How does America finance higher ed in 2018? How about… a tv game show?
[actor and comedian Michael] Torpey and the cable network TruTV have devised “Paid Off,” a show that offers the elements of a classic trivia game show with a Sallie Mae twist.
This is an openly critical effort:
“One of the mantras is ‘an absurd show to match an absurd crisis,’ ” Torpey, who hosts the program, said in an interview. “A game show feels really apt because this is the state of things right now.”
The series will kick off the first of 16 episodes Tuesday, hoping to raise consciousness about the many students and graduates saddled with debt and provide a few of them some relief.
As Jezebel put it, “a game show that’s just a bit too real.”
Here’s more from the Washington Post:
“Paid Off,” which counts as its showrunner “Who Wants to Be a Millionaire” veteran Leigh Hampton, follows the format of a traditional game show. Three contestants square off to answer a range of trivia questions. Categories often come with an education-related twist, such as questions on “-ology” or surveys about the best job you could have in college.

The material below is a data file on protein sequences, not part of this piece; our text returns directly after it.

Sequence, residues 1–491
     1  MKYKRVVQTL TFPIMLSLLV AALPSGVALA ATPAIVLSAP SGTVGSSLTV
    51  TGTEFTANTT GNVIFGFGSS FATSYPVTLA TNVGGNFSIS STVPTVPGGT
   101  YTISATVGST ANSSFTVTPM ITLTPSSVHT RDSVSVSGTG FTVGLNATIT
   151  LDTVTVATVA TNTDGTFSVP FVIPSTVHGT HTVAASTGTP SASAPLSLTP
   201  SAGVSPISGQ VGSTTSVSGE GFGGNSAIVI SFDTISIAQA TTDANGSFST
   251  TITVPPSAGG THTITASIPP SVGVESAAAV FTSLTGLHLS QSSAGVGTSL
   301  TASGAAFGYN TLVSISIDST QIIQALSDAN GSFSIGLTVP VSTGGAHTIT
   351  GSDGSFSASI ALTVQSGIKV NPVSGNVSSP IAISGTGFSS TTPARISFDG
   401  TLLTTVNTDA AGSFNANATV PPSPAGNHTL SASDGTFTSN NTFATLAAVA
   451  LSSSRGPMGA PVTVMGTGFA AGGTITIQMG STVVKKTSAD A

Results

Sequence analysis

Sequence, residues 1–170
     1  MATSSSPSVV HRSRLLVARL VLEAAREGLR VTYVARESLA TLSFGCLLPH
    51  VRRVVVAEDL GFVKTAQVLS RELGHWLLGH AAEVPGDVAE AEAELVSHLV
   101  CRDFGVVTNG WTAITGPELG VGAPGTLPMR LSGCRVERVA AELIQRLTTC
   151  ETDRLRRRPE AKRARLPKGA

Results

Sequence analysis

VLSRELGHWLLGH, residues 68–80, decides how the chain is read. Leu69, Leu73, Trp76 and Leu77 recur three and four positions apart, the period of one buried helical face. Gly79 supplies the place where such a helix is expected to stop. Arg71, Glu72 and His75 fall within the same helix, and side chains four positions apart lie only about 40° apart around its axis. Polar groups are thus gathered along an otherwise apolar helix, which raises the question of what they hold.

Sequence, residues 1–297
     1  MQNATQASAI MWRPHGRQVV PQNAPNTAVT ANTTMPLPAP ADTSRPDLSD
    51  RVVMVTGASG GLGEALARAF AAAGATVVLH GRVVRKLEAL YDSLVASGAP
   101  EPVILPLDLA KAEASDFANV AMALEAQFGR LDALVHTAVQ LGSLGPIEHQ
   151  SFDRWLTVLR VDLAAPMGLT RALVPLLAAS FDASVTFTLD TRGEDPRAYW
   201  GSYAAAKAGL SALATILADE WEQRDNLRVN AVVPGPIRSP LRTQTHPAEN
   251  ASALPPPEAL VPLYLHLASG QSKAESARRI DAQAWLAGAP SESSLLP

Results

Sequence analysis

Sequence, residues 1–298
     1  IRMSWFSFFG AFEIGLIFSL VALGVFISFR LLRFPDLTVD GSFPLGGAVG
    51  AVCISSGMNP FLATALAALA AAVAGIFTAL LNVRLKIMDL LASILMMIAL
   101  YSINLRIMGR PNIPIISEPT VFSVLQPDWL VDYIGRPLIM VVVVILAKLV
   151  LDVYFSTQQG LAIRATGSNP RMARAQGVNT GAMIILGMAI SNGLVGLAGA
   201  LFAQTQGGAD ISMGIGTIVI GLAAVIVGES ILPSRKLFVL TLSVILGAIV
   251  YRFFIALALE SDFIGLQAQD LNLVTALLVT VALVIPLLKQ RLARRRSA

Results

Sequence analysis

Contestants — most are in their late 20s or early 30s — must be carrying college debt to appear on the show. (Some of their loads run as high as $50,000.) Depending on how many questions the winner answers in a speed round, the show will pay up to 100 percent of those loans, with TruTV footing the bill.
Yes, this is where American higher ed financing has led us. Remember that this is a new structure for us, historically. Recall that no other nation has imitated the US, at least not to this scale.
I submit “Paid Off” as a subject for discussion.